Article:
Tip Sheet: Ethics & PR: Communications With a Conscience

By Frank Ovaitt

Is there such a thing as public relations ethics? Shannon A. Bowen, Ph.D., of Syracuse University, poses that question in the Institute for Public Relations Essential Knowledge Project's "Ethics and Public Relations" section, which she edits. [The project is an online guide to PR-related research.]

This question opens the door to a significant conversation: If ethics is defined as a systematic approach to deciding the right thing to do, it could indeed be argued that most PR practitioners don't have such a system. The I-know-it-when-I-see-it philosophy rules, but Bowen makes a compelling case for a more disciplined approach to how PR people learn and think about ethics.

Codes Vs. Education

PR associations rely heavily on codes of ethics. Most of these provide little or no effective enforcement. Certainly, they don't go very deep in teaching approaches to ethics.

Bowen cites research funded by the International Association of Business Communicators Research Foundation, which drew responses from 1,827 professional communicators worldwide.

"Half of the sample maintained that they regularly counsel management on ethical decisions, indicating that managements are realizing the value of incorporating a strategic communication perspective in their decisions, potentially incorporating the views, ideas or values of publics into organizational policy," says Bowen. Yet two-thirds or more reported no formal study of ethics and no on-the-job ethics training.

What would we learn by studying systems of ethics? Bowen describes several major schools of thought and their public relations adaptations.

Different Paths To Consider

Dialogic ethics, for example, began with ancient Greek philosophers. Some scholars argue that dialogue is inherently ethical because all parties can be heard and participate in decisions. This, they say, reinforces the relationship building and maintenance roles of PR execs.

Advocacy ethics, on the other hand, begin with the client's or employer's point of view. These players have the right to participate in public debates, and they are in a strong position to define facts and persuade publics. In this sense, the PR professional is similar to an attorney who has ethical obligations to the law and society, of course, but those are accomplished by vigorously representing the client.

Another path described by public relations scholars depicts a strategic management approach to ethics, with the PR counselor representing an objective voice in organizational decisions. "[PR theorist] Dr. James E.Grunig's idea of symmetry is that organizations accomplish more of their long-term goals when they integrate some of what the public wants, meaning that management engages in an ongoing relationship of give-and-take with publics," Bowen says. This is consistent with the moral philosophy known as utilitarianism, which emphasizes consequences. The right decision is the one that maximizes positive outcomes and minimizes negative ones.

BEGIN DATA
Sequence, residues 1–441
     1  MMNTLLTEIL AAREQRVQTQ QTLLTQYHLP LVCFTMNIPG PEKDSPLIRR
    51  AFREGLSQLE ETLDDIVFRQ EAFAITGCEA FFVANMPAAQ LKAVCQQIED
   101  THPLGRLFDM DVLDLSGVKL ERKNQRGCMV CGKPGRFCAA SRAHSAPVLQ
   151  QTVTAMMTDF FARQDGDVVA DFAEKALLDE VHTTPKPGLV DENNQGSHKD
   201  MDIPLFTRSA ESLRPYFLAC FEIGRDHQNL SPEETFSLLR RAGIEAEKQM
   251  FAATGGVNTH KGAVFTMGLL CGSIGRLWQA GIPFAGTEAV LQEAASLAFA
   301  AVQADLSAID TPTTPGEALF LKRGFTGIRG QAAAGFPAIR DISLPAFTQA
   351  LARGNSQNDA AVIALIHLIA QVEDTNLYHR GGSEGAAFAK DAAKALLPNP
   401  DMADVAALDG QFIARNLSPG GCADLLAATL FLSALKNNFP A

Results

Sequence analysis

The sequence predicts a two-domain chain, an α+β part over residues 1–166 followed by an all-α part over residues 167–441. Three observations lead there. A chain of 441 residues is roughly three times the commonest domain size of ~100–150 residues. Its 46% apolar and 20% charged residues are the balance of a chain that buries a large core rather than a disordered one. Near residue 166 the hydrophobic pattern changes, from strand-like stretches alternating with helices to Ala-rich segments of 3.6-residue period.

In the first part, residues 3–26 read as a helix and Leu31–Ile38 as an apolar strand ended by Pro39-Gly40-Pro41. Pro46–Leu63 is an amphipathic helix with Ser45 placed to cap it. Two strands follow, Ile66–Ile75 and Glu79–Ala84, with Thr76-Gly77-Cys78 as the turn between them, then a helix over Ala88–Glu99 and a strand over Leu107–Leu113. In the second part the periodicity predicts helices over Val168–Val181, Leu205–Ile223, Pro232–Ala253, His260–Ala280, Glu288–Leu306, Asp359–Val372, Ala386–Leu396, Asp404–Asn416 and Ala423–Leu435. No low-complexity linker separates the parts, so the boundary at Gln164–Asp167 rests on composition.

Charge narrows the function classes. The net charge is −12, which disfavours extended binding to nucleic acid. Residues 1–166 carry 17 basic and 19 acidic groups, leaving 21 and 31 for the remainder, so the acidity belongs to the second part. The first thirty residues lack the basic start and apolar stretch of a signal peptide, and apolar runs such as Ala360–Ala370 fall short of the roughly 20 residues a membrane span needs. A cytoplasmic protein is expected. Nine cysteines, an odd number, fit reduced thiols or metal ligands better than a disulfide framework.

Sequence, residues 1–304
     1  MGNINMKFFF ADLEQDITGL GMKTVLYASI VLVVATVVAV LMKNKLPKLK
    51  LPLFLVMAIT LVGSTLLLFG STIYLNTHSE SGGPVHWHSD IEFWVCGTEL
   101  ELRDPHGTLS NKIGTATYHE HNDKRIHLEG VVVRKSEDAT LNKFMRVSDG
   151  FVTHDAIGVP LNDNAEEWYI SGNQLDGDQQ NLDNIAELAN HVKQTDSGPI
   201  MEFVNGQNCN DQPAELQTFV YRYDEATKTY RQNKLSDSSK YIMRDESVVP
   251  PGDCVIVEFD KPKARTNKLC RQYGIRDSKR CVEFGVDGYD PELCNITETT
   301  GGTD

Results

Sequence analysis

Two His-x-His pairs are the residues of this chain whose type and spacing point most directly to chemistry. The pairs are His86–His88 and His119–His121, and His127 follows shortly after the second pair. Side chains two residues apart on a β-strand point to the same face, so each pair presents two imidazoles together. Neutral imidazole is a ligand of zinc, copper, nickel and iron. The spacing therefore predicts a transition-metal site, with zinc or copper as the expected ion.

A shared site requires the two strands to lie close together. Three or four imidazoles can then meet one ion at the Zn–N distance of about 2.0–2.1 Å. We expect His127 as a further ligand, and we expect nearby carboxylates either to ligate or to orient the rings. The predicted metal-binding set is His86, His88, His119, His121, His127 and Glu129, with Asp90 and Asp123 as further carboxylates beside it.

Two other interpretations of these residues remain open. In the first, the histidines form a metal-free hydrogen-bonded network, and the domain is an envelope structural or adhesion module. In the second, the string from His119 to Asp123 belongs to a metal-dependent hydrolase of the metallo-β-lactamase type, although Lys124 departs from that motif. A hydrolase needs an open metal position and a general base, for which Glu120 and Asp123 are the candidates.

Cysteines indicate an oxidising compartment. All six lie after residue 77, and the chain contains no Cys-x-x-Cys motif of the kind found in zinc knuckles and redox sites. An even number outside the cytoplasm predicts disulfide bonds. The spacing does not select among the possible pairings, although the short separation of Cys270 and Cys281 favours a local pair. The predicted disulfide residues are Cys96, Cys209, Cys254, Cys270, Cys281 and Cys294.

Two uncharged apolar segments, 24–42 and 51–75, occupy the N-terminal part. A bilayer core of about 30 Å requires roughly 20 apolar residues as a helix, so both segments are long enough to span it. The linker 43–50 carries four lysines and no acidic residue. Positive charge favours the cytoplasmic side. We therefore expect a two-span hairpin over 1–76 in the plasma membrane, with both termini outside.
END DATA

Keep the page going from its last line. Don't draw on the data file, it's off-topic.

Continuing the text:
Bowen herself has sought to carry this a step further by incorporating deontology--the study of duty--into the mix for ethical analysis. She believes this helps public relations professionals reach more defensible and enduring decisions. Research does show that professionals employ this type of analysis more frequently as they move up in their careers.

Putting Knowledge Of Ethics To Work

What should practitioners take from all this? First, the understanding that organizational culture does matter in terms of ethics. Research has shown this time and again. A close look at an organization's mission statement, code of ethics and other policy statements will often reveal the core ethical philosophy. That is critically important to the counselor who needs to connect with the rest of the senior team and lead relationship building and communications efforts.

Effective participation in such decisions will often require moral courage. Even if your position doesn't carry the day, you will gain respect. Unpopular solutions often prove their wisdom over the course of time.

Bowen concludes that while no single person or function can be the entire ethical conscience of an organization, the public relations function is ideally suited to counsel top management on such issues: "Careful and consistent ethical analyses facilitate trust, which enhances the building and maintenance of relationships--after all, that is the ultimate purpose of the public relations function." PRN


Frank Ovaitt, CEO of the Institute for Public Relations, can be reached at [email protected]. Dr. Shannon Bowen can be reached at [email protected].